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26
May

U.S. House of Representatives Votes to Rollback Waterway Protections

(Beyond Pesticides, May 26, 2017) On Wednesday, the U.S. House of Representatives voted to pass a bill that would reverse an Environmental Protection Agency (EPA) requirement to obtain a permit before spraying pesticides on or near waterways. The passage of HR 953,¬†The Reducing Regulatory Burdens Act¬†(known by environmentalists as the ‚ÄúPoison Our Waters Act‚ÄĚ), is the latest update in a multi-year string of attempts to rollback commonsense protections for the public waterways all Americans use for swimming, fishing, and other forms of recreation. It will now move forward to be considered by the Republican-majority Senate, where it will most likely pass and be signed into law. HR 953, if signed into law, would reverse a 2009 decision¬†issued by the 6th Circuit Court of Appeals, in the case of National Cotton Council et al. v. EPA,¬†which held that pesticides applied to waterways should be considered pollutants under federal law and regulated under the Clean Water Act (CWA), through National Pollutant Discharge Elimination System (NPDES) permits. Prior to the decision, the EPA, under the Bush Administration, had allowed the weaker and more generalized standards under the Federal Insecticide, Fungicide and Rodenticide Act (FIFRA) to be followed. This allowed pesticides to be discharged […]

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21
Feb

Take Action: Bill Will Eliminate Permit Requirement to Spray Pesticides into Waterways

(Beyond Pesticides, February 21, 2016) The Agriculture Committee in the U.S. House of Representatives approved a bill last week that will eliminate protections from toxic pesticides for the nation‚Äôs waterways. The bill now moves on to the full House for a vote and the public has an opportunity to let Representatives hear the concerns about weakening local protection of waterways from toxic pesticides.¬†HR 953,¬†The Reducing Regulatory Burdens Act¬†(code for the sponsors and supporters as legislation to eliminate environmental protection of water quality), is the committee‚Äôs latest effort in a multi-year string of attempts to rollback common sense protections for the public waterways all Americans use for swimming, fishing, and other forms of recreation. The bill would repeal the Clean Water Act requirement that those who apply pesticides to waterways, with an exemption for farm use pesticides not directly deposited into waterways, obtain a National Pollutant Discharge Elimination System (NPDES) permit. Last May, at the height of fears over the Zika epidemic, the same Committee ushered through the same bill under another misleading name, The Zika Vector Control Act. Pensive lawmakers and the public saw through the ruse, and the bill was defeated. But,¬†like previous iterations, including the 2015 Sensible Environmental […]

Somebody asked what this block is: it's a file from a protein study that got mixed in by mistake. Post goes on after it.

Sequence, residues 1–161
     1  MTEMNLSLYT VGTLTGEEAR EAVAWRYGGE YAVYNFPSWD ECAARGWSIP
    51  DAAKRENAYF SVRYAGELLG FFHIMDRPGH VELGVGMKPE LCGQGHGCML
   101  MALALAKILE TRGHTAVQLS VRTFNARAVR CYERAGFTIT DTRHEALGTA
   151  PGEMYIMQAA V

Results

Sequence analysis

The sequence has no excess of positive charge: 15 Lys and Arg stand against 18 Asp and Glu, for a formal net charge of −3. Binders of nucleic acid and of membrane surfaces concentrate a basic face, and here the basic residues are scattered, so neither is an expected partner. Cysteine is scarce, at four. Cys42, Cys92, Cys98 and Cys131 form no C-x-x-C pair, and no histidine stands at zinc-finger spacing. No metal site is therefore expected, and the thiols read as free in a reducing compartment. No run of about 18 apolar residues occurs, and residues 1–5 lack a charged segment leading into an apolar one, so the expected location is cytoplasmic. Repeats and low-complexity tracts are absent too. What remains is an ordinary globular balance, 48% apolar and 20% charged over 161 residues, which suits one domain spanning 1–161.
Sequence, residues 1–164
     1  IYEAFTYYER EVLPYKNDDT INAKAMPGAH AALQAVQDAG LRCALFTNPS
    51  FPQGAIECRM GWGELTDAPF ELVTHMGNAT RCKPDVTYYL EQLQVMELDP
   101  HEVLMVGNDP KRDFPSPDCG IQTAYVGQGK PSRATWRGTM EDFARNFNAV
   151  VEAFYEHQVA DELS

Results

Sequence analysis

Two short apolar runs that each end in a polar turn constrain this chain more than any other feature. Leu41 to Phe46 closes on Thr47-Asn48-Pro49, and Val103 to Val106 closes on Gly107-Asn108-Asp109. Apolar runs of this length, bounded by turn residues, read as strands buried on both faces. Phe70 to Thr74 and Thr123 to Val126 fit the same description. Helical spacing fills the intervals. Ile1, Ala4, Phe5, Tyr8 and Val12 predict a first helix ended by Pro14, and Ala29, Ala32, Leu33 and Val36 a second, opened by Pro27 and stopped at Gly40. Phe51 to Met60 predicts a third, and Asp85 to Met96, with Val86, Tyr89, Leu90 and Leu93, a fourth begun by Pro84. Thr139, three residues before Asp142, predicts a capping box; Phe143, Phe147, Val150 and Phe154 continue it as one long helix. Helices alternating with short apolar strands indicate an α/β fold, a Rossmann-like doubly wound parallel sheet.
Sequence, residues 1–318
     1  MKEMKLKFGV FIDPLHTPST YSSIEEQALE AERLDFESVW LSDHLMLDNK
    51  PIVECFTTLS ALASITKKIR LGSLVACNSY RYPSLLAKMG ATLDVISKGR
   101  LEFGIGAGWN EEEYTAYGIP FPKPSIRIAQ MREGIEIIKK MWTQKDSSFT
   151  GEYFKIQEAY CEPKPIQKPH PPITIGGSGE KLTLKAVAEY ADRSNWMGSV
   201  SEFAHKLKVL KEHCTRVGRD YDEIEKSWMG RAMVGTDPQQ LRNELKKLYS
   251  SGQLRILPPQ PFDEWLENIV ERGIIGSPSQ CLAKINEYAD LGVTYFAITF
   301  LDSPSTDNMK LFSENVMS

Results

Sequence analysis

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31
Jan

Judge Rules Against Monsanto, Allows California to List Glyphosate Products as Cancer Causing

(Beyond Pesticides, January 31, 2017) A tentative ruling last week by Fresno County Superior Court Judge Kristi Culver Kapetan moves California closer to listing glyphosate (Roundup) as a carcinogen under the state‚Äôs Safe Drinking Water and Toxic Enforcement Act of 1986 (Proposition 65). Monsanto, a leading manufacturer of glyphosate under its Roundup brand, sued California to stop the listing, as it would require cancer warning labels be placed on its end-use product. The company indicates it will challenge the tentative ruling. California‚Äôs proposed to list glyphosate as a carcinogen¬†after a 2015 determination of the International Agency for Research on Cancer, a United Nations body under the World Health Organization, that the chemical is a cancer-causing agent for humans based on laboratory studies. Monsanto refutes these claims, and since the determination has worked directly, and through proxy organizations, to discredit and attack IARC, as well as individual scientists that have participated in its decision-making process. Shortly after IARC‚Äôs Monograph on glyphosate, the German Federal Institute for Risk Assessment (BfR), a Monsanto-supported group, released a report dismissing glyphosate‚Äôs link to cancer. In October of last year, the U.S. House of Representatives‚Äô Committee on Oversight and Government Reform, led by Rep. Jason Chaffetz […]